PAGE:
In the second set of tissue, she testified about the presence of cocaine and a metabolite for cocaine and alcohol.
The third set of tissue, including the brain matter, indicated the use of diazepam, or Valium, as well as cocaine and methadone and their metabolites.
She told the jury under questioning by the Crown and defence that detecting drug samples from some tissue, such as the matter she worked with, is more difficult than analyzing drug use from blood or brain matter or the liver because the standards used are based on those latter substances.
The fact that the tissue submitted to her was in varying states of decomposition made the task even more difficult.
Under intense questioning by Mr. Brooks, Ms. Dinn refused to agree with his suggestions that the three could have died from drug overdoses.
He said that her reports suggested that the drugs found in tissues of the three deceased fell within a range of what could be fatal.
In each case, however, Ms. Dinn said she could not come to that conclusion because the ranges that Mr. Brooks referred to were based on findings of drugs in a deceased person's liver — not the kind of tissue she examined.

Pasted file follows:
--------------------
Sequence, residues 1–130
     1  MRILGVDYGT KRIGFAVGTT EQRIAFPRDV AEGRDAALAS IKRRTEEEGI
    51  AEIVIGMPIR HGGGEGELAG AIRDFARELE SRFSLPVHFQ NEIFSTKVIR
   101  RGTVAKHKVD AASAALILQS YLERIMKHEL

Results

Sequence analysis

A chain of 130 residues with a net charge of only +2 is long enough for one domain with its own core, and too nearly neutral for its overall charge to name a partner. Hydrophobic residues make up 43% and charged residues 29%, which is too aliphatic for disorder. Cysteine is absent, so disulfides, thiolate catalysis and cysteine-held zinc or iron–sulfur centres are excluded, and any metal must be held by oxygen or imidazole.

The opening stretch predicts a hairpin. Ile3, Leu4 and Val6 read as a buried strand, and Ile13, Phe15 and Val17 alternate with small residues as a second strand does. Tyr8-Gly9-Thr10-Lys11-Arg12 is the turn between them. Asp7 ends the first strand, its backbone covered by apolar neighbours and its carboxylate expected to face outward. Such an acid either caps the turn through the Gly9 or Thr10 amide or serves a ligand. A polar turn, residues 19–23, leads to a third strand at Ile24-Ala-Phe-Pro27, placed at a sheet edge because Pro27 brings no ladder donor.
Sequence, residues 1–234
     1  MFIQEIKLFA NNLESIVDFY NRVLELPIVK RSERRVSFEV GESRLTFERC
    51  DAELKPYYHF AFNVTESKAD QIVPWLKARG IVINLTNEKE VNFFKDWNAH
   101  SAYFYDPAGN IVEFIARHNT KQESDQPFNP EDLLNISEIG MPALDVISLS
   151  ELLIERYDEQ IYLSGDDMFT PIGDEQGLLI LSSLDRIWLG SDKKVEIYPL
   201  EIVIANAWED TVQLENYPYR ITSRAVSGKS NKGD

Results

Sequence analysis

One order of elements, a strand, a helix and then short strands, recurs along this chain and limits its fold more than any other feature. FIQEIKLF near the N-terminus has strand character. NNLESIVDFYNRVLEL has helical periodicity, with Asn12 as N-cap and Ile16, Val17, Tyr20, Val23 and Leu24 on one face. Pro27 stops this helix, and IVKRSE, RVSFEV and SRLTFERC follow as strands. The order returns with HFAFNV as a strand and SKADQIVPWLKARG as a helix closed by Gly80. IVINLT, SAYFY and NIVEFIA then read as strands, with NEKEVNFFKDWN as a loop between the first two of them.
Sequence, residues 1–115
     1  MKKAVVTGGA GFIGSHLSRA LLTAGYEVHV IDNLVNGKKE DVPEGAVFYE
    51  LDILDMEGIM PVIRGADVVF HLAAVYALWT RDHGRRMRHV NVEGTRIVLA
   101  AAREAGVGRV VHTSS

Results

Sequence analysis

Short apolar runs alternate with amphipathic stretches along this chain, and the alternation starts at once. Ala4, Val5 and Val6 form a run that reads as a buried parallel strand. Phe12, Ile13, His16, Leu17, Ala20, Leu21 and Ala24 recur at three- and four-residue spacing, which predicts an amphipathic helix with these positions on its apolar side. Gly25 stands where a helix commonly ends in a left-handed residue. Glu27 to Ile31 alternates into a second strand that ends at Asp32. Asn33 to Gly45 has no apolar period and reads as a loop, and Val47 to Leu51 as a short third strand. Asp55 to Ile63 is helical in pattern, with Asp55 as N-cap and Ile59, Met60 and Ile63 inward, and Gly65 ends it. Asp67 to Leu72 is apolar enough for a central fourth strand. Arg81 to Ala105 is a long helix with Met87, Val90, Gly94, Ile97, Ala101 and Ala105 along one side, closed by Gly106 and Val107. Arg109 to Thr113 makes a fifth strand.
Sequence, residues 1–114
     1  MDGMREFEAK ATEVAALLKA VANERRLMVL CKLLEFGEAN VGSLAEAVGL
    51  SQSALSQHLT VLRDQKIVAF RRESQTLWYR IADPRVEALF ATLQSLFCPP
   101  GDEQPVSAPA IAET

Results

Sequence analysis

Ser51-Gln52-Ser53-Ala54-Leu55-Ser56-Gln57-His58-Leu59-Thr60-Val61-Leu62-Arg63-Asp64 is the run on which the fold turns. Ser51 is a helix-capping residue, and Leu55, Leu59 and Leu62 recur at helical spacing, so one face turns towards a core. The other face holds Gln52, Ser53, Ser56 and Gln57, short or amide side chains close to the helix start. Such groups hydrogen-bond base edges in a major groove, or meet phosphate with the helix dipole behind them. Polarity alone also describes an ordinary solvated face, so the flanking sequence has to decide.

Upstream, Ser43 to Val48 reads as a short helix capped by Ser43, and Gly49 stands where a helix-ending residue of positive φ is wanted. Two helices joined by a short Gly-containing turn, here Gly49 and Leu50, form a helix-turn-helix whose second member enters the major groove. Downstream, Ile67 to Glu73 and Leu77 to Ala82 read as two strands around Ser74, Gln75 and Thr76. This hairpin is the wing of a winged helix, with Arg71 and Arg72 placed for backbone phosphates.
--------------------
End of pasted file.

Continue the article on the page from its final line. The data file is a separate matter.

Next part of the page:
"I must repeat," she said after he tried for the third time. "The logic is incorrect," she added, saying that there is no adequate database to measure levels in tissue as compared to the liver.
Mr. Fung told the court he detected methanol in one syringe he examined that had been seized from Mr. Pickton's trailer.
In the early days of the trial, jurors heard on a videotape that an acquaintance of Mr. Pickton, Scott Chubb, said the accused told him a good way to get rid of someone would be to fill a syringe with windshield washer fluid and inject them.
With a report from Canadian Press